The Valdosta Daily Times
Since 1993, the Outback Riders have been making a difference in children’s lives through their annual Toy Ride. Saturday afternoon, thousands of bikers, with thousands of gifts in tow, met in Lake Park to continue the tradition.
As an important part of the Salvation Army’s Empty Stocking Fund, the Outback Riders Annual Toy Ride donates thousands of new toys for the 800-plus Valdosta and Lowndes County children who are registered with the fund. The Empty Stocking Fund is sponsored by the Salvation Army, Guardian Bank and The Valdosta Daily Times.
“This is such as important event. It gives back to the community and it gives back to the children. That what we do it for, for the children,” said Ann Knight, one of the founding members of the Outback Riders.
All of the riders who participated donated at least one toy, with many donating multiple toys including teddy bears, EZ Bake Ovens, dolls and much more.
“This is great. I think it’s an important event because this means that’s one little child that I am giving a toy to. All of these guys out here are thinking the same thing,” said Ronnie Gilliard who has been riding in the Toy Ride since 2000.
Butch and Sandra Bennett have been riding in the Toy Run for 12 years and try to ride in as many other Christmas rides as possible. They explained, “There are needy children everywhere and there are parents that can’t afford to give their children Christmas. We can and we don’t mind helping out. We want to make sure every child has a great Christmas.”
Beginning at 9 a.m., bikers gathered together at the Lake Park Outlets. More than 1,800 bikes were in the ride, with nearly 2,400 riders.
As the bikers lined up and prepared to begin the ride, they admired the other motorcycles and chatted with new friends.
“The camaraderie here is great. We all have something in common and it’s a lot of fun for us,” said Louis Chester, a six-year participant in the Toy Ride.
The annual blessing of the bikes began at 1:15 p.m. with Tim Reynolds of The Heaven Saints Motorcycle Ministry saying the blessing.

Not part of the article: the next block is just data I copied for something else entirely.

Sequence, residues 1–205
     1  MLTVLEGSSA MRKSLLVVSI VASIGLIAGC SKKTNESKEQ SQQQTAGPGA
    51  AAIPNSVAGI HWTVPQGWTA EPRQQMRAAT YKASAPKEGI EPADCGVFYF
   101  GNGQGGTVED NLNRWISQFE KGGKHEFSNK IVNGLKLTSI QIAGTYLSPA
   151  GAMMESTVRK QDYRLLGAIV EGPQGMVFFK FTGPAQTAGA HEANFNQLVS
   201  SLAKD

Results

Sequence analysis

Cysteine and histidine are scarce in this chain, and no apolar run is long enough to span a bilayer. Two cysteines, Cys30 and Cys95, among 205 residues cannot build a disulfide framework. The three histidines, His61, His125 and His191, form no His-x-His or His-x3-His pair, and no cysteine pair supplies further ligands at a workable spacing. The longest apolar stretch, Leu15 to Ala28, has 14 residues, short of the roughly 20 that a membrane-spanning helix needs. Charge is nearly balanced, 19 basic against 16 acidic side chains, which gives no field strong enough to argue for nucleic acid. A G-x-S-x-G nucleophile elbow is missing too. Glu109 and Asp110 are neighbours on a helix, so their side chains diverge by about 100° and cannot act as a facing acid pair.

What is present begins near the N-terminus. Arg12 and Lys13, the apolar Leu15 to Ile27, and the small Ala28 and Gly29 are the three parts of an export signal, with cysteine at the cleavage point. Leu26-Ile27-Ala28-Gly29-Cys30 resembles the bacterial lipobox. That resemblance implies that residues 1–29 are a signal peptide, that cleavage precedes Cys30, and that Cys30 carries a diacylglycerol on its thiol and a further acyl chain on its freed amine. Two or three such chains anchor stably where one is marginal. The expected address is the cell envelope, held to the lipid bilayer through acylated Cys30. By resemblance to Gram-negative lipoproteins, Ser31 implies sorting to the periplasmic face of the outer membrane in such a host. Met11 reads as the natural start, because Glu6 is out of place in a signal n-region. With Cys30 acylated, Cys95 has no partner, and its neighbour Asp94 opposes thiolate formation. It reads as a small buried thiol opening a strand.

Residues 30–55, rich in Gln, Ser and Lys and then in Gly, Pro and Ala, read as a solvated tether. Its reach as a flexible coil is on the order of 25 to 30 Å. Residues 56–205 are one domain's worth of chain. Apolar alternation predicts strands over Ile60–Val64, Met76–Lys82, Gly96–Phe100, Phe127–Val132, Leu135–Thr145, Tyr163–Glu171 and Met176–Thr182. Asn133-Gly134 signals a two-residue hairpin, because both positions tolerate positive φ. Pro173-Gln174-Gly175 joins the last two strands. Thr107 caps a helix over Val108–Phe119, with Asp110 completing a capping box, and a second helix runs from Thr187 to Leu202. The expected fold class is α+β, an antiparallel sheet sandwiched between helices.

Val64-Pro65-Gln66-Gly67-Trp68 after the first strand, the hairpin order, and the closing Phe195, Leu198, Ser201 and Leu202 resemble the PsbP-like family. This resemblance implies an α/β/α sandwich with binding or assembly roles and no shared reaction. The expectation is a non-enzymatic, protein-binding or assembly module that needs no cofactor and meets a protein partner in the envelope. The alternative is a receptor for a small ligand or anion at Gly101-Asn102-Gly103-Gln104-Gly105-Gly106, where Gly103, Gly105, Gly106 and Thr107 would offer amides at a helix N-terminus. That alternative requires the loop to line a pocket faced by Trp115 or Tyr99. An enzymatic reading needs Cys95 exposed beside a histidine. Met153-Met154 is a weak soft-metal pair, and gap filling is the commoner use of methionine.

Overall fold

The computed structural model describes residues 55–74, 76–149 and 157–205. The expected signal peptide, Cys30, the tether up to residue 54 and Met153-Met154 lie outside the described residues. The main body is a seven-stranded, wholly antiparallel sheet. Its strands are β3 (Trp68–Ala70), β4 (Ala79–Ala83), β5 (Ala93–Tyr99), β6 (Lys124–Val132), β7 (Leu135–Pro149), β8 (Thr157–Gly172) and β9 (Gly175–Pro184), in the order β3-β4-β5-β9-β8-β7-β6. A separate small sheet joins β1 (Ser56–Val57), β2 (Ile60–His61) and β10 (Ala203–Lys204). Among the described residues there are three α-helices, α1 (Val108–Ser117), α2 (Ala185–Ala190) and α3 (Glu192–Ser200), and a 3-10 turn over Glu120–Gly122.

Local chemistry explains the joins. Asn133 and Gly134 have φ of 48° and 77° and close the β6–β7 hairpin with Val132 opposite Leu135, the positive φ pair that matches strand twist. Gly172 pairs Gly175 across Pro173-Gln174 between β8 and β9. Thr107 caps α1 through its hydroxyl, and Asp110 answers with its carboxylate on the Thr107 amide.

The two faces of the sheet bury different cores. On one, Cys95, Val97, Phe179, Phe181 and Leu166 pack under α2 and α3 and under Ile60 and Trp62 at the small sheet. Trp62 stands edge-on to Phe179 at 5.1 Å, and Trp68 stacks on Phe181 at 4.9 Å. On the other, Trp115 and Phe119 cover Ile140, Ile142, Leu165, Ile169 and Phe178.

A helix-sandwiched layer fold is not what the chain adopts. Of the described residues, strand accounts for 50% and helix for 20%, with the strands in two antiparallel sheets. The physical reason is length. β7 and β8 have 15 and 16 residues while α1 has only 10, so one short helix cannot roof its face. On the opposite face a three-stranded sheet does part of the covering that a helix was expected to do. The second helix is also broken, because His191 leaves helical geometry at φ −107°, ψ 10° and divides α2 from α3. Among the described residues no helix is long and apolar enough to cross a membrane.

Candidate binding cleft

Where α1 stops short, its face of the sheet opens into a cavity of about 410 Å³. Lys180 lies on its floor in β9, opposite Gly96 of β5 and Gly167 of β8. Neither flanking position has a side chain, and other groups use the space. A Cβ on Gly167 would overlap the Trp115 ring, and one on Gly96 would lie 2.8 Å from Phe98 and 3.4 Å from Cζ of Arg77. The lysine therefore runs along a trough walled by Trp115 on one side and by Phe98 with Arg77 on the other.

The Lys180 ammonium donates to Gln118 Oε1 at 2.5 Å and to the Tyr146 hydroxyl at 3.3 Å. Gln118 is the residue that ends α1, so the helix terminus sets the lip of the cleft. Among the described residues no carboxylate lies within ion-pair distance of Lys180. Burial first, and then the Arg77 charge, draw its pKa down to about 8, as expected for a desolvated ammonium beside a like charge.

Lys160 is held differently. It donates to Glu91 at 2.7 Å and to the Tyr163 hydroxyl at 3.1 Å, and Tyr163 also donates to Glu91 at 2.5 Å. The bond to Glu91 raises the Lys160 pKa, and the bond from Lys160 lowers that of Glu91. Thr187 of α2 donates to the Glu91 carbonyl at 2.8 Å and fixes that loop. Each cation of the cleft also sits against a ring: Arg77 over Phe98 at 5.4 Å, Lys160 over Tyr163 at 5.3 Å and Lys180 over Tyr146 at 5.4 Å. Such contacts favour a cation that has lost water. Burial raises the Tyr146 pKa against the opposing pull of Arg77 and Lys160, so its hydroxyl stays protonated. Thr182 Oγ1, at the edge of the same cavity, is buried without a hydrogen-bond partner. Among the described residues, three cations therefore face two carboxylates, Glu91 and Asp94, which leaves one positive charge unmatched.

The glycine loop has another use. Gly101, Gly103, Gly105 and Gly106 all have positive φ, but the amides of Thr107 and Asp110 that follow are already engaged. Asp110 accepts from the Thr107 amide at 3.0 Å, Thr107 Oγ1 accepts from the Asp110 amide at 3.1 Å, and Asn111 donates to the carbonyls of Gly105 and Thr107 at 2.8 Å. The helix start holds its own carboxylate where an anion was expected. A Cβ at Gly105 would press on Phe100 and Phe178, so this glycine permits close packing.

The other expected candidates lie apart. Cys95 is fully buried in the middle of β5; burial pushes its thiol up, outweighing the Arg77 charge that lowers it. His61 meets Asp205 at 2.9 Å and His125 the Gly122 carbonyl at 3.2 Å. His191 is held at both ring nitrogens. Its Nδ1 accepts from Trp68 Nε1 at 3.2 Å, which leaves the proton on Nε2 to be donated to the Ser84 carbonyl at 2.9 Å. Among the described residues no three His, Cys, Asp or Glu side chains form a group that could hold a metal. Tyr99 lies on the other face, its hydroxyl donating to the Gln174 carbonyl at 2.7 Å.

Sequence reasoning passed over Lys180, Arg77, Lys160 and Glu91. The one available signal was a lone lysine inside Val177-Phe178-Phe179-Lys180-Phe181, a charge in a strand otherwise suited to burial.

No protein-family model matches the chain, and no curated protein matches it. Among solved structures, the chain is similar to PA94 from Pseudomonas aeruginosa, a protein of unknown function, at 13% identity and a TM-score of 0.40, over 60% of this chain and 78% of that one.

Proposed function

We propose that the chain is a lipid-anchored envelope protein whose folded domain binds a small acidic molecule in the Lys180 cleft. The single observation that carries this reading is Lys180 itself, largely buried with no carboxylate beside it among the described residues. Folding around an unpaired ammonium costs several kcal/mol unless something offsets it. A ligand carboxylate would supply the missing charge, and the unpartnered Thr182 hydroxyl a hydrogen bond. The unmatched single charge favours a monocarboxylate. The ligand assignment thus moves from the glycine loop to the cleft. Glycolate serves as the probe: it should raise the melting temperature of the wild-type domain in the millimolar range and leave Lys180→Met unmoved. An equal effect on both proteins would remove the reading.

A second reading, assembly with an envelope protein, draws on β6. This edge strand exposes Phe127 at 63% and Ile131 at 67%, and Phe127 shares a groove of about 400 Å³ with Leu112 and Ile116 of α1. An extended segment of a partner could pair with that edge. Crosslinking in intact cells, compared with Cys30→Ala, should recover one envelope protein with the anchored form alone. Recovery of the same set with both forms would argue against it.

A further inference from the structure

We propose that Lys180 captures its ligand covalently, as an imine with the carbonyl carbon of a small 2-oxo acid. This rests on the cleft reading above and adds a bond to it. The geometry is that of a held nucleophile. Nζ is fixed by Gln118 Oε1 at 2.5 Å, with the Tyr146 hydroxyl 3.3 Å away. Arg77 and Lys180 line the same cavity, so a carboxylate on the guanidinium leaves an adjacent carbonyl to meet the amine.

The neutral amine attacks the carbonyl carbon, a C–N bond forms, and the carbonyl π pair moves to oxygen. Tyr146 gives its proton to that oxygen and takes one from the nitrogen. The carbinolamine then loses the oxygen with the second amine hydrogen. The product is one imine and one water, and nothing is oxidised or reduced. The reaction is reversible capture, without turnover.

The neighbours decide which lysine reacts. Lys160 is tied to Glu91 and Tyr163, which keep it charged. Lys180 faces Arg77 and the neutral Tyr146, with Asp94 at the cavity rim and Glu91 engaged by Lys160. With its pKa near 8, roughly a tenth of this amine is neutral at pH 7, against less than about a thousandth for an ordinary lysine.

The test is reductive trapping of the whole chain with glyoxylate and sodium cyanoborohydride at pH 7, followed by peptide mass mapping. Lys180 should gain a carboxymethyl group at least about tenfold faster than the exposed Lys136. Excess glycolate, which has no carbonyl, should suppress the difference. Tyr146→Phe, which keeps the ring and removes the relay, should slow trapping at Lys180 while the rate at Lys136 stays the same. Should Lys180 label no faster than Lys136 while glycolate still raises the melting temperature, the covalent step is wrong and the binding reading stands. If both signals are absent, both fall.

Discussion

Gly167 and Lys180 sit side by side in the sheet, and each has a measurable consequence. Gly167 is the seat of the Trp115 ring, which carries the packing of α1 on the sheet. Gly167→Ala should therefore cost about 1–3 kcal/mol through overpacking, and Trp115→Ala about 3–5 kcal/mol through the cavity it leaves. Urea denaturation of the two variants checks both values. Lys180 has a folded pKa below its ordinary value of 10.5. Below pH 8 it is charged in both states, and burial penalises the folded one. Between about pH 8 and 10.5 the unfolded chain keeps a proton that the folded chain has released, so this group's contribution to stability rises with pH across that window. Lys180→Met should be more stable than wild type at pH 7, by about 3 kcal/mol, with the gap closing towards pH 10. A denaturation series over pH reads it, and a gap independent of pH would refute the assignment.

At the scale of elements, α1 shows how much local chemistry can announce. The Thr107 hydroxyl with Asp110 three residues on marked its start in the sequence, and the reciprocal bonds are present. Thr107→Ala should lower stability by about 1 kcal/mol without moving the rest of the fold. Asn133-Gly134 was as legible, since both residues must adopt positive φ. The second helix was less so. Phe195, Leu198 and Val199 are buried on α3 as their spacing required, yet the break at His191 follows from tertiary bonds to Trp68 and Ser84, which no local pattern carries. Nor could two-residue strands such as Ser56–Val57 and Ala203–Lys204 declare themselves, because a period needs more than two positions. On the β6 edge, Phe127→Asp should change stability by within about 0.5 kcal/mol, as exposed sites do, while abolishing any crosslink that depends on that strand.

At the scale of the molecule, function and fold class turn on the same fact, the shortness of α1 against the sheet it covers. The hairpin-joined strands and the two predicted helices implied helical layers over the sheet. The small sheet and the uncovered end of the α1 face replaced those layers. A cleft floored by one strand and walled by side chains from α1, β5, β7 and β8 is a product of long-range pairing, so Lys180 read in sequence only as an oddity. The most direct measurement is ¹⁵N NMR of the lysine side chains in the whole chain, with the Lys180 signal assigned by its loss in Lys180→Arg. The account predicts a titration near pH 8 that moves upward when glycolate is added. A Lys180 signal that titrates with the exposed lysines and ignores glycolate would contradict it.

The motorcycles rolled out behind their police escort at 1:30 p.m. with Santa Claus, Mayor John Gayle and the Outback Riders leading the way. As they traveled down U.S. 41 and Ashley Street, the group was cheered on by hundreds of spectators on the side of the road.
The convoy completed their ride at Five Points where they were welcomed by even more cheering fans and supporters.
“In my opinion, this means more to this community than any poker run. There are people here from Alabama supporting this. By the grace of God everyone was able to make it up for the ride. I have been riding in this since 2006 and I wouldn’t miss it for anything,” said Larry Srygley.
Once everyone gathered at Five Points, Don Brotherton came over the loudspeaker to get everyone’s attention. Once everyone was focused, Brotherton asked everyone to participate in a moment of silence for one of the instrumental organizers of the event over the last several years, Craig Pennington. In November, Pennington passed away following a battle with cancer.
Brotherton concluded the moment of silence saying, “I know Craig will be doing the big toy run in the sky on Dec. 25.”
Mayor Gayle, a second-year participant and first year biker, then welcomed everyone to the event.
“Thank you for the tremendous job that you do with this every year. There is so much work put into this. Thank you so much for bringing toys to so many children who wouldn’t have a Christmas any other way,” said Gayle.
Salvation Army Captain Monica Nickum then spoke.
“We are so excited for this event every year. We couldn’t do this without your help. Thank you and Merry Christmas,” said Nickum.
Brotherton and the Outback Riders then presented Nickum and the Salvation Army with a check for $1,100 to go toward the Empty Stocking Fund.
The ceremony concluded with door prizes and a 50/50 drawing for all who participated.
More than a full truckload of toys was collected during the Toy Ride.